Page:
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Indian Leader Hails US in Address to Congress


Indian Prime Minister Narendra Modi gestures before addressing a joint meeting of Congress on Capitol Hill in Washington, June 8, 2016.

Indian Prime Minister Narendra Modi gestures before addressing a joint meeting of Congress on Capitol Hill in Washington, June 8, 2016.


Indian Prime Minister Narendra Modi spoke to the U.S. Congress Wednesday calling for closer ties between the two countries, especially in fighting terrorism.

Modi called the United States an “indispensable partner.”

Modi thanked House Speaker Paul Ryan for the invitation to speak for the first time at the U.S. Capitol, which he called a “temple of democracy.”

Modi noted that India is the world’s largest democracy, committed to “freedom, democracy and equality.”

“Our independence was ignited by the same idealism that fueled your struggle for freedom.”

He told Congress that his nation and the U.S. have overcome “the hesitations of history.”

Modi spoke about new problems around the world presented by terrorism. He thanked the Congress for taking action against extremist groups.

“The fight against terrorism has to be fought at many levels. And, the traditional tools of military intelligence or diplomacy alone would not be able to win this fight.”

Speaking of trade, Modi said that India now trades more with the U.S. than any other country, and called for continuing close economic and defense ties. And he noted the two countries cultural ties, including the millions of Americans who practice yoga.

“More Americans bend for yoga than to throw a curve ball,” he said.

Modi is the fifth Indian leader to address Congress since 1985. It is his fourth visit to Washington since getting elected in 2014. He was previously banned from entering the United States after religious riots broke out in the Indian state he governed.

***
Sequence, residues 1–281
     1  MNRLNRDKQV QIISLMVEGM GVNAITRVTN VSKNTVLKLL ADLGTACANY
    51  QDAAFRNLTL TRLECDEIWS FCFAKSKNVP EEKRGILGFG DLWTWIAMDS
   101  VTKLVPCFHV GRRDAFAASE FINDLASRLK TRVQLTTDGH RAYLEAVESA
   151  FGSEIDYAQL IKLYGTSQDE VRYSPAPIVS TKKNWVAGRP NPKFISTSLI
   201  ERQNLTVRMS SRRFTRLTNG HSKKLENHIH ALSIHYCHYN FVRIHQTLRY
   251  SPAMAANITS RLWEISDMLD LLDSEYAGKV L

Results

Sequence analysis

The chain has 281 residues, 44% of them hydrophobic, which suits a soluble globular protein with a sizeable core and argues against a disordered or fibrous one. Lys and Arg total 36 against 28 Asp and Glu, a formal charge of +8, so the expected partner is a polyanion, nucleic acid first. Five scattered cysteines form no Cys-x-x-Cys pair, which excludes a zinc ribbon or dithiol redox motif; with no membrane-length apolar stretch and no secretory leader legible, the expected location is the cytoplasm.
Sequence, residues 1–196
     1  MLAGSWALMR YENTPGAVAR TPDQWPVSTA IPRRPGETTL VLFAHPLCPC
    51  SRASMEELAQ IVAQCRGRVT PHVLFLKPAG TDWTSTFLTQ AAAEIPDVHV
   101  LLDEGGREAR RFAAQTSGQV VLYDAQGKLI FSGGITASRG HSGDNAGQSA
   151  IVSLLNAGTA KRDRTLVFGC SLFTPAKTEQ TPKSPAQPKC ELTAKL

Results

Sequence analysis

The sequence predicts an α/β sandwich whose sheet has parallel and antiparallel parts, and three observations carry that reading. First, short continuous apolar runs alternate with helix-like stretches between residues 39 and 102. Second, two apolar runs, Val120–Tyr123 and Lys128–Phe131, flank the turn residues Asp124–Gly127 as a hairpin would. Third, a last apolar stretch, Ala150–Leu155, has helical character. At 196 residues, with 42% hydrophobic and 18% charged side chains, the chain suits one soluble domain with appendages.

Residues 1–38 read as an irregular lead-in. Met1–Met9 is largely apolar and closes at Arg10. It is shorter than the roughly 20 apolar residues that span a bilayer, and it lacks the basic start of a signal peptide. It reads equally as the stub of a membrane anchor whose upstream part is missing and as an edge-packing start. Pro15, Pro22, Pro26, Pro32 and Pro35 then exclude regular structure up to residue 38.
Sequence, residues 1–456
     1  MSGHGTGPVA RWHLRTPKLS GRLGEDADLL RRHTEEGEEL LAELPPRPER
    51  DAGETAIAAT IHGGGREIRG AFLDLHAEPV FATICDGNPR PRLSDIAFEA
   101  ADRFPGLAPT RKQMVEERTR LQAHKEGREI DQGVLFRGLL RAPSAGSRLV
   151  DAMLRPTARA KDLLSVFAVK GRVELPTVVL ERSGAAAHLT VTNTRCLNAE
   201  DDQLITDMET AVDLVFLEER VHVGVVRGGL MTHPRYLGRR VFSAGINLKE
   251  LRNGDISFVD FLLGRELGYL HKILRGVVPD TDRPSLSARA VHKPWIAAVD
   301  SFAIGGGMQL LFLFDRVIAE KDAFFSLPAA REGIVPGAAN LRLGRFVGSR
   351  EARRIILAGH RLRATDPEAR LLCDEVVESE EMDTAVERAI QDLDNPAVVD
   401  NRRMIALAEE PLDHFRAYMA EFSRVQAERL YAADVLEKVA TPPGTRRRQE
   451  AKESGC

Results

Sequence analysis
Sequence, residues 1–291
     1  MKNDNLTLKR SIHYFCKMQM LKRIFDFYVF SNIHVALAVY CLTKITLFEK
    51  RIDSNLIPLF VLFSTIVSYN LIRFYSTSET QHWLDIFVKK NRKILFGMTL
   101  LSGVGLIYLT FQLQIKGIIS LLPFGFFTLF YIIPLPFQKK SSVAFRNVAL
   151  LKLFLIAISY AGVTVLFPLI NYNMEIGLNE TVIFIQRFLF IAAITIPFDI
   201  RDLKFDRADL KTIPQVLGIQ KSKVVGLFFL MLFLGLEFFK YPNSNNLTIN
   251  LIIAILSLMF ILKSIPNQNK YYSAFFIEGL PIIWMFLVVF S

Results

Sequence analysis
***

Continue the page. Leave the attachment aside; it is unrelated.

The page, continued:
Modi was criticized for not doing enough to stop the religious violence.

On Tuesday, the Indian leader met with President Obama.

“A key priority for both of us is how to promote economic prosperity and opportunity, and poverty alleviation for our people,” Obama said.

Obama and Modi discussed security issues and ways to limit the spread of nuclear weapons.

The two leaders said they are committed to signing the Paris climate change agreement this year. But they did not set a signing date, as some had hoped. Obama thanked Modi for his commitment to renewable energy technologies.

Human rights groups urged Obama to use Modi’s visit to raise issues related to slavery and human trafficking in India. The U.S. State Department's 2015 Trafficking in Persons report found that India's main trafficking problem is forced labor.

India has the most modern-day slaves in the world, according to the 2016 Global Slavery Index. The survey estimates more than 18 million people in India are trapped in debt bondage, forced into marriage, sold to brothels or born into servitude.

Amy Sobel of Human Rights First said Modi’s visit is an opportunity for Obama to bring up global efforts to fight modern slavery. She said the two leaders should keep the U.S.-India relationship “grounded in respect for human dignity and fundamental rights.”

I’m Bryan Lynn.

Bryan Lynn adapted this story for Learning English. Additional information came from the Associated Press and Reuters. was the editor.

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Words in This Story

indispensable – adj. absolutely needed

manifest – v. to appear of happen

proposition – n. statement to be proven or explained

hesitation – n. a pause or delay

alleviate – v. to make less severe

renewable energy – n. energy from a source that is not depleted when used

bondage – n. the state of being a slave

brothel – n. a place where people pay to have sex

servitude – n. the state of being a slave

dignity – n. being worthy of honor or respect

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